Volume 3: Sorting and Searching (2nd Edition), 1998. AddisonWesley Professional, ISBN 0201896850
 Volume 4: Combinatorial Algorithms, in preparation
 Volume 5: Syntactic Algorithms, in preparation, estimated to be ready in 2015
 Donald E. Knuth, The Art of Computer Programming, fascicles:
 Volume 1, Fascicle 1: MMIX — A RISC Computer for the New Millennium, 2005. ISBN 0201853922
 Volume 4, Fascicle 2: Generating All Tuples and Permutations, 2005. ISBN 0201853930
 Volume 4, Fascicle 3: Generating All Combinations and Partitions, 2005. ISBN 0201853949
 Volume 4, Fascicle 4: Generating All Trees  History of Combinatorial Generation, 2006. ISBN 0321335708
 Donald E. Knuth, The TeXbook (Reading, Massachusetts: AddisonWesley), 1984. ISBN 0201134489
 Donald E. Knuth, The METAFONTbook (Reading, Massachusetts: AddisonWesley), 1986. ISBN 0201134446
 Ronald L. Graham, Donald E. Knuth, Oren Patashnik, Concrete Mathematics: A Foundation for Computer Science, 2nd edition (Reading, Massachusetts: AddisonWesley), 1994. ISBN 0201558025
 Selected papers series:
 Donald E. Knuth, Literate Programming (Centre for the Study of Language and Information  Lecture Notes), 1992. ISBN 0937073806
 Donald E. Knuth, Selected Papers on Computer Science (Stanford, California: Centre for the Study of Language and Information  CSLI Lecture Notes, no. 59), 1996. ISBN 1881526917
 Donald E. Knuth, Digital Typography (Stanford, California: Centre for the Study of Language and Information  CSLI Lecture Notes, no. 78), 1999. ISBN 1575860104
 Donald E. Knuth, Selected Papers on Analysis of Algorithms (Stanford, California: Centre for the Study of Language and Information  CSLI Lecture Notes, no. 102), 2000. ISBN 1575862123
 Donald E. Knuth, Selected Papers on Computer Languages (Stanford, California: Centre for the Study of Language and Information  CSLI Lecture Notes, no. 139), 2003. ISBN 1575863812 (cloth), ISBN 1575863820 (paperback)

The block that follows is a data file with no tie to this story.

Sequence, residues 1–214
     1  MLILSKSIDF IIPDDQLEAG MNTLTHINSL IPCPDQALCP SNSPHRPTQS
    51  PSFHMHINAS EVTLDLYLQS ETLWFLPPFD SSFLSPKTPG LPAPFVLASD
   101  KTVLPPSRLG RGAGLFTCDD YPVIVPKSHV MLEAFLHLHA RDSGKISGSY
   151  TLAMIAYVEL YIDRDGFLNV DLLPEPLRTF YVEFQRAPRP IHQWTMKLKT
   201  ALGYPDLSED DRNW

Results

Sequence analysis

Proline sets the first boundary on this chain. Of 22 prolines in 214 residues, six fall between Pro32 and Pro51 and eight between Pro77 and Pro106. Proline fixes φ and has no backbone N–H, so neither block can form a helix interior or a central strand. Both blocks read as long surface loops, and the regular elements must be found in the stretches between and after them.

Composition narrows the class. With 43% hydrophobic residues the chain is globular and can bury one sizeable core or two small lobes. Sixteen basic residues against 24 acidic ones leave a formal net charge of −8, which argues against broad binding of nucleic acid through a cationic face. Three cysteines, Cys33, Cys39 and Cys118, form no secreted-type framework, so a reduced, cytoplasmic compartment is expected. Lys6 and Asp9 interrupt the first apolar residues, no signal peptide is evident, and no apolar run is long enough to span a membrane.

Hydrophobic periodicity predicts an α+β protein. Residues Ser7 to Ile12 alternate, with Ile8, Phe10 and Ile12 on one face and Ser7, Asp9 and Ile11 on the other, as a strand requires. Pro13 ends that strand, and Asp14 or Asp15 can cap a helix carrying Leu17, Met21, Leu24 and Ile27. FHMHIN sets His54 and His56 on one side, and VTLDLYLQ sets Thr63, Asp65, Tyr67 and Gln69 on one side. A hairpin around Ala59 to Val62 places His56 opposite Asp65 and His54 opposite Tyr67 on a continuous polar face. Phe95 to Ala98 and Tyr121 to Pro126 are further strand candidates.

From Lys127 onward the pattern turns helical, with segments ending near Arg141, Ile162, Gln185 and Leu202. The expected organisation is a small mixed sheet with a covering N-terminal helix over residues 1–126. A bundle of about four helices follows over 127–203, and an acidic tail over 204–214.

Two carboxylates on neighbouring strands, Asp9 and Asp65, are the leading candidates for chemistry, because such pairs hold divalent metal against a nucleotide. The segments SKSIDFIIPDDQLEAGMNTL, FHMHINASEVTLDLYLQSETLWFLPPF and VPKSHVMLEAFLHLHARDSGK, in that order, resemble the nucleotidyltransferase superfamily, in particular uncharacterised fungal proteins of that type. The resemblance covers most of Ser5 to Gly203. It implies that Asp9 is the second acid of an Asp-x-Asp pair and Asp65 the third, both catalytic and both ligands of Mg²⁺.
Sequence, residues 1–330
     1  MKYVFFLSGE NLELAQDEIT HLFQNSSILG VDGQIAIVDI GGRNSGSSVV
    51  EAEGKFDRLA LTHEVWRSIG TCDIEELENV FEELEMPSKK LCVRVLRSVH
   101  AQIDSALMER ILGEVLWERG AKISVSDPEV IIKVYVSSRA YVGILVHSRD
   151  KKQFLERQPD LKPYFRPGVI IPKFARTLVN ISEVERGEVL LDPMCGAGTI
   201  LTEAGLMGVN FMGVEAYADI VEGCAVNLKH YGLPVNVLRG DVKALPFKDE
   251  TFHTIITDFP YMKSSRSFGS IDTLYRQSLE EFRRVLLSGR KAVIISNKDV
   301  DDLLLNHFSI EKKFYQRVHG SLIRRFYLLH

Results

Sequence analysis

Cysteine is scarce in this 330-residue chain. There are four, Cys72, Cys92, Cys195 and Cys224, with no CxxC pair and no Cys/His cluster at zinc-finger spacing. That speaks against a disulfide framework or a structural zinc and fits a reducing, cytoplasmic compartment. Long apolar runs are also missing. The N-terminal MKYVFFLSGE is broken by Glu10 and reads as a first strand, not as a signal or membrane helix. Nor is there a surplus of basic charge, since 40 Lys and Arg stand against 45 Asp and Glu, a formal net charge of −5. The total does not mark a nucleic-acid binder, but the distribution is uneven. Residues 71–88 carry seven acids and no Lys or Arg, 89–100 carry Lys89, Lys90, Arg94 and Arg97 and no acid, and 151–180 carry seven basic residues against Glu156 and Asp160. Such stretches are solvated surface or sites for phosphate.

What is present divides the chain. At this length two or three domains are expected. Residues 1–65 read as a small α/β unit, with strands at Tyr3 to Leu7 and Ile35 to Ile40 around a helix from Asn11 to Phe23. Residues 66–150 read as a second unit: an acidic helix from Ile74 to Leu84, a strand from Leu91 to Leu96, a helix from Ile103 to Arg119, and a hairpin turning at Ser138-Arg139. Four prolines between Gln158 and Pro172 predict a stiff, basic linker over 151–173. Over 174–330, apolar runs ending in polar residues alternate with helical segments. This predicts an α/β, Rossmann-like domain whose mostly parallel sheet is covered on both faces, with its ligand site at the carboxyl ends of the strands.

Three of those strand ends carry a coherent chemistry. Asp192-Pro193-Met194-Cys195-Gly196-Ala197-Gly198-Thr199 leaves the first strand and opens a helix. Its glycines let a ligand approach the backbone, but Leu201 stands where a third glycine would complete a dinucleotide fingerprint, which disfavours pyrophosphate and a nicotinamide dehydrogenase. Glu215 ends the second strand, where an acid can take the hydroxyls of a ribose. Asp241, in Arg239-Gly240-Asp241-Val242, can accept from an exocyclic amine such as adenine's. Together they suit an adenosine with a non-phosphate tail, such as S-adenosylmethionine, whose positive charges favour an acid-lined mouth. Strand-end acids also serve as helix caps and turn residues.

Donald E. Knuth, Selected Papers on Discrete Mathematics (Stanford, California: Centre for the Study of Language and Information  CSLI Lecture Notes, no. 106), 2003. ISBN 1575862492 (cloth), ISBN 1575862484 (paperback)
 Donald E. Knuth, Selected Papers on Design of Algorithms (scheduled for publication in 2007)
 Donald E. Knuth, Selected Papers on Fun and Games (scheduled for publication in 2007)
 Donald E. Knuth, 3:16 Bible Texts Illuminated (Madison, Wisconsin: AR Editions), 1990. ISBN 0895792524
 Donald E. Knuth, Things a Computer Scientist Rarely Talks About (Centre for the Study of Language and Information  CSLI Lecture Notes no 136), 2001. ISBN 157586326X
Interviews, lectures, Q&A
 Doernberg, D. Computer Literacy Interview With Donald Knuth. 7 December 1993.
 TUG'95 (St Petersburg, FL, USA) Questions and answers with Prof. Donald E. Knuth. TUGboat 17 (1), 1996
 Woehr, J. An interview with Donald Knuth Dr. Dobb's Journal, April 1996, p. 1622.
 Donald Knuth on The Art of Computer Programming AddisonWesley Innovations, 1996
 Questions and Answers with Prof. Donald E. Knuth. Czech TUG, Charles University, Prague, 1996
 Knuth meets NTG members, Amsterdam, 13 March 1996.
 Knuth Comments on Code, Byte magazine, September 1996.
 Donald Knuth: A life's work in the art of programming Amazon.com, 1997.
 U.K. TUG, Oxford, 12 September 1999: Question & Answer Session with Donald Knuth. TUGboat, 22 (1/2), 2001.
 Dr. Dobb's Audio & Video Archive of Knuth's MMIX and God & Computers Lectures @ MIT, Fall 1999
 Donald Knuth: MMIX, A RISC Computer for the New Millennium. Audio recording of a presetation at the monthly meeting of the Boston ACM 30 December 1999
 Wallace, Mark. The art of Don E. Knuth Interview on salon.com, 1999.
 Advogato, 2000, also available as HTML Version
 AMS, 2001
 Geek Celebs, 2001
 Oslo, 2002
 c't, 2002 (in German)
 NZZ Folio, 2002 (in German)
 Donald Knuth, Founding Artist of Computer Science. Audio interview by David Kestenbaum on National Public Radio; or Transcript, 14 March 2005.
 Free Software Magazine interview by Gianluca Pignalberi, August 2005.